KEY POINTS TO REMEMBER:
- Public tax dollars should fund public schools that have clear systems of academic and fiscal accountability in place.
- Private schools do not have transparent accountability measures in place.
- The diversion of public dollars to private schools would take needed resources out of public school classrooms, making it more difficult to pay teachers and offer high-quality academic programs.
- School vouchers would increase the burden of recapture on school districts and taxpayers.
- Local board elections provide a level of local accountability for traditional school districts that charter and private schools lack.
WHAT MAKES TRADITIONAL PUBLIC SCHOOLS MORE ACCOUNTABLE THAN PRIVATE SCHOOLS?
Traditional public schools are governed by trustees who must earn the support of local voters. Further, traditional districts’ finances are open to the public and their STAAR scores and other academic measurements are publicly disclosed. Private schools do not have trustees elected by the general public, they are not subject to open-meetings requirements or the Texas Public Information Act, and they do not administer the STAAR.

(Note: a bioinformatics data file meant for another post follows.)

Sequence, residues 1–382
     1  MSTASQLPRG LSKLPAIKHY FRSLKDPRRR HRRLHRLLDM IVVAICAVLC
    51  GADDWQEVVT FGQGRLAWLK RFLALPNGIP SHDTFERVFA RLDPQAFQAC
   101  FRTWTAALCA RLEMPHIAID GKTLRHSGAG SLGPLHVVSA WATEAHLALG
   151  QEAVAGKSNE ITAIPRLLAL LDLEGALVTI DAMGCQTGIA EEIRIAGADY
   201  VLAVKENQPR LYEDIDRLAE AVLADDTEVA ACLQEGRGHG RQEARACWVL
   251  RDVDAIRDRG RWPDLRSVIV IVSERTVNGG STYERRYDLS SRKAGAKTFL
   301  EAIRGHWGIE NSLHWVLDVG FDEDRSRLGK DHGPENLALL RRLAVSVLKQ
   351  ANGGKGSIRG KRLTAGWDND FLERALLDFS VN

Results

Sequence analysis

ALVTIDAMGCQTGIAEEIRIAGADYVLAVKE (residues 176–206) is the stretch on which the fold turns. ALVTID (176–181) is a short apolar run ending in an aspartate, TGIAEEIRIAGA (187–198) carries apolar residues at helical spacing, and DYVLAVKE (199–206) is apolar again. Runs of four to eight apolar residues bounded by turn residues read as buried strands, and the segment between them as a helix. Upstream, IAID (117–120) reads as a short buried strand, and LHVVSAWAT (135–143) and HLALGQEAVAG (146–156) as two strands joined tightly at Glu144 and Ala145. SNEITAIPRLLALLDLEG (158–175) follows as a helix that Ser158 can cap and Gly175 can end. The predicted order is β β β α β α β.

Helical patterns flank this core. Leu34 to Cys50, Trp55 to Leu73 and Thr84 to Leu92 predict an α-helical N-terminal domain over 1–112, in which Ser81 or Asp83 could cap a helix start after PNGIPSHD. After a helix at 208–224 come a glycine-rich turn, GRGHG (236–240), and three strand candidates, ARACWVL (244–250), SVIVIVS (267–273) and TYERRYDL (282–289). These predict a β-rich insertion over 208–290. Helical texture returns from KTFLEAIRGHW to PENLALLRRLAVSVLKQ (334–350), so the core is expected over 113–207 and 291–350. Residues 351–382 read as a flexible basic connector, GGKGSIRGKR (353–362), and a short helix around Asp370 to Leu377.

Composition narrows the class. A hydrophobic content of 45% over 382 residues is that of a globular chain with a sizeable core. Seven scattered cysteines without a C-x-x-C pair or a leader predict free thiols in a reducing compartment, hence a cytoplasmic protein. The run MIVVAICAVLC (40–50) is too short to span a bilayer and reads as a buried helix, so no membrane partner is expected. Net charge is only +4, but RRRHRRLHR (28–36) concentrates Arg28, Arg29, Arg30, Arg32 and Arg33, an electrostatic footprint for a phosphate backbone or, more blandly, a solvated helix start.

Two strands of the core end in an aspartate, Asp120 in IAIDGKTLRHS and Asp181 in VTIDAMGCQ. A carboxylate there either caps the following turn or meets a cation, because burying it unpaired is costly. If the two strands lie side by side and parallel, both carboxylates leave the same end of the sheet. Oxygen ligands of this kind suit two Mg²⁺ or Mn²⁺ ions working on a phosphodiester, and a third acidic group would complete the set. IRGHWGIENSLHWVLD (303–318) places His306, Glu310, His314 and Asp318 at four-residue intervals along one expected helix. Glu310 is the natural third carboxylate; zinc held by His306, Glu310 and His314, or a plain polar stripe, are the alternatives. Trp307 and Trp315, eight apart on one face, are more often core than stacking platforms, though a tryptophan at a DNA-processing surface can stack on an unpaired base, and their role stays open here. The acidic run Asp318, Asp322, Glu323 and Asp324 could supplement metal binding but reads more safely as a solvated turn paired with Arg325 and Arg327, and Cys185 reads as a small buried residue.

HOW DO VOUCHERS INCREASE ROBIN HOOD RECAPTURE?
A school district pays recapture based on the amount of property wealth in the district per student. If a district’s enrollment decreases because some students start attending private schools, its property wealth per student increases (because the amount of property wealth does not change, regardless of how many students who live in that district actually attend public schools). When a district’s property wealth per student increases, so does its recapture payment.
IF A DISTRICT’S ENROLLMENT DECREASES, DOESN’T IT NEED LESS REVENUE?
This question is based on a faulty premise. For example, it costs the same to employ someone to teach a class of 21 students as it does to teach a class of 23 students. However, a school district receives more funding for 23 students than it receives for 21 students. Many costs cannot simply be reduced with each student who leaves the district. Further, if the number of students on a particular bus route decreases from 20 to 17, that bus route is still needed.